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Agonists and Partial Antagonists Acting on the Leptin—Leptin Receptor Interface

  • Laszlo OtvosJr
  • Marco Cassone
  • Marianna Terrasi
  • Sandra Cascio
  • George D. Mateo
  • Daniel Knappe
  • Ralf Hoffmann
  • Predrag Cudic
  • John D. Wade
  • Eva Surmacz
Part of the Advances in Experimental Medicine and Biology book series (volume 611)

Introduction

Leptin is a neurohormone regulating energy balance and food intake acting in the hypothalamus [1]. Leptin can also modulate immune response, fertility, and hematopoiesis, acting as a mitogen, metabolic regulator, or pro-angiogenic factor. Both leptin and the leptin receptor (ObR) are overexpressed in breast and colorectal cancer [2]. An ever increasing wealth of evidence suggests that leptin is a novel pharmaceutical target for diseases related to leptin overabundance (cancer) as well as deficit (lipodystrophy or anorexia-related infertility). The full form of ObR is 1,165 amino acids long and contains the extracellular, transmembrane, and intracellular domains. The extracellular domain binds ligand, whereas the intracellular tail recruits and activates signaling substrates. Leptin appears to interact with its receptor at three discontinuous surfaces, at each with two arms [3]. Interfering with these surfaces may decrease or increase the efficiency of downstream ObR...

Keywords

Mammary Epithelial Cell Line Normal Mammary Epithelial Cell Alanine Mutant Regulate Energy Balance Partial Antagonist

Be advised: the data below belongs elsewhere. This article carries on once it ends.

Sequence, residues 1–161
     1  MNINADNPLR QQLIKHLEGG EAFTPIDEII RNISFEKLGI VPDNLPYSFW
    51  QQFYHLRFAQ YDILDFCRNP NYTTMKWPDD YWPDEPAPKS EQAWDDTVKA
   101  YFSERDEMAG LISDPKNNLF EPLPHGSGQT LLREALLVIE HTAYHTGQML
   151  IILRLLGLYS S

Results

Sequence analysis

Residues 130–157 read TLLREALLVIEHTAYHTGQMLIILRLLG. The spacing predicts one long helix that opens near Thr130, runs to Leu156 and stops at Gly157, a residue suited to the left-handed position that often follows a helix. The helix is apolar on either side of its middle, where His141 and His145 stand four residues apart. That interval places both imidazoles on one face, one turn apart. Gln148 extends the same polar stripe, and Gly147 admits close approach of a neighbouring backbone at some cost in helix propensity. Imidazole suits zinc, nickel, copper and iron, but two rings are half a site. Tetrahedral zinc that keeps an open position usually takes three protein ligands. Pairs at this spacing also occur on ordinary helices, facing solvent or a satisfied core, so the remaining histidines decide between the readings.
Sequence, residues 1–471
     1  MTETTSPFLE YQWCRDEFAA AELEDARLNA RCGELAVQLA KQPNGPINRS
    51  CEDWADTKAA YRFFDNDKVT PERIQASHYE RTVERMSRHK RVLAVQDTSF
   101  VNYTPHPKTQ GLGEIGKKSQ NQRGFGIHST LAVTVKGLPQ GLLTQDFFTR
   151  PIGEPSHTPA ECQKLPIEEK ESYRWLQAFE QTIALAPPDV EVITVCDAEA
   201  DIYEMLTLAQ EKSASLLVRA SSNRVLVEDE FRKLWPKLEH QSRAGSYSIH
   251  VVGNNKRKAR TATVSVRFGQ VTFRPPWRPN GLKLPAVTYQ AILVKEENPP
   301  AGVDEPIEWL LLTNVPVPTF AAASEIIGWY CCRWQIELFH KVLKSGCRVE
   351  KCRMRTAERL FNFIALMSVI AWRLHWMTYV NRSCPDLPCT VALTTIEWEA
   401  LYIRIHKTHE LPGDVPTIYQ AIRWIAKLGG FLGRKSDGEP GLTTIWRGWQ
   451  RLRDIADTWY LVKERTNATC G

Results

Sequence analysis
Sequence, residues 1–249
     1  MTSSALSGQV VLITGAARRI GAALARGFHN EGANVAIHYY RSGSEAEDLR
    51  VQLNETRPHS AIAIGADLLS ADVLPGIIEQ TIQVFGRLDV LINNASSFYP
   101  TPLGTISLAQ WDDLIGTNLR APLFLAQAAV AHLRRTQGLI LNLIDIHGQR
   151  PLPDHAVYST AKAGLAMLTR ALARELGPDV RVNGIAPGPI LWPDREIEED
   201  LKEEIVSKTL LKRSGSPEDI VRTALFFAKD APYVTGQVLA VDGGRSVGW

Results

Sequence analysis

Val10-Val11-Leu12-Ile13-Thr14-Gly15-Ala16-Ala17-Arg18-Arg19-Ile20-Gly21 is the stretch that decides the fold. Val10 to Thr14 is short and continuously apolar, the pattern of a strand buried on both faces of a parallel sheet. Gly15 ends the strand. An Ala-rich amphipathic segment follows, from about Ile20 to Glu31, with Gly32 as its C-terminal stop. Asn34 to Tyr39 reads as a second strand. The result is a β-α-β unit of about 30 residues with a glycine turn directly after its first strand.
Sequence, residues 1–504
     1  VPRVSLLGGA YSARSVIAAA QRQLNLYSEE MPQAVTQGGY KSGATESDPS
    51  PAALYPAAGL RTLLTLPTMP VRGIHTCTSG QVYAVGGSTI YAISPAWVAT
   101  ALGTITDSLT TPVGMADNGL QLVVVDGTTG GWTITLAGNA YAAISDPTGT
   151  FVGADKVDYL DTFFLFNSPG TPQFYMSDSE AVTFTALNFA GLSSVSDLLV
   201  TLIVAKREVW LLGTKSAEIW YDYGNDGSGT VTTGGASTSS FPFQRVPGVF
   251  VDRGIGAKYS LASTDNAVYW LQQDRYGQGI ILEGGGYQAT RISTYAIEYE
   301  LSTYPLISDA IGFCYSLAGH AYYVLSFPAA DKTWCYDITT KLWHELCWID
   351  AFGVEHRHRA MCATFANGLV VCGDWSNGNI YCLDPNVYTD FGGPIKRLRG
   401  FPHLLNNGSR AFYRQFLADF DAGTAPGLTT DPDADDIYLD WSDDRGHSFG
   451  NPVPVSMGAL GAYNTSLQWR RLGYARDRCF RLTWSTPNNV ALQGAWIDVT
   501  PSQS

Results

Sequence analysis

These keywords were added by machine and not by the authors. This process is experimental and the keywords may be updated as the learning algorithm improves.

Notes

Acknowledgments

This work was supported by the Formula Fund of the PA Department of Health and by the Sbarro Health Research Organization.

References

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Copyright information

© Springer Science+Business Media, LLC 2009

Authors and Affiliations

  • Laszlo OtvosJr
    • 1
  • Marco Cassone
    • 1
  • Marianna Terrasi
    • 1
  • Sandra Cascio
    • 1
  • George D. Mateo
    • 1
  • Daniel Knappe
    • 2
  • Ralf Hoffmann
    • 2
  • Predrag Cudic
    • 3
  • John D. Wade
    • 4
  • Eva Surmacz
    • 1
  1. 1.Temple UniversitySbarro Institute for Cancer Research and Molecular MedicinePhiladelphiaUSA
  2. 2.Leipzig UniversityCenter for Biotechnology and BiomedicineLeipzigGermany
  3. 3.Florida Atlantic UniversityDepartment of Chemistry and BiochemistryBoca RatonUSA
  4. 4.MelbourneHoward Florey InstituteVictoriaAustralia

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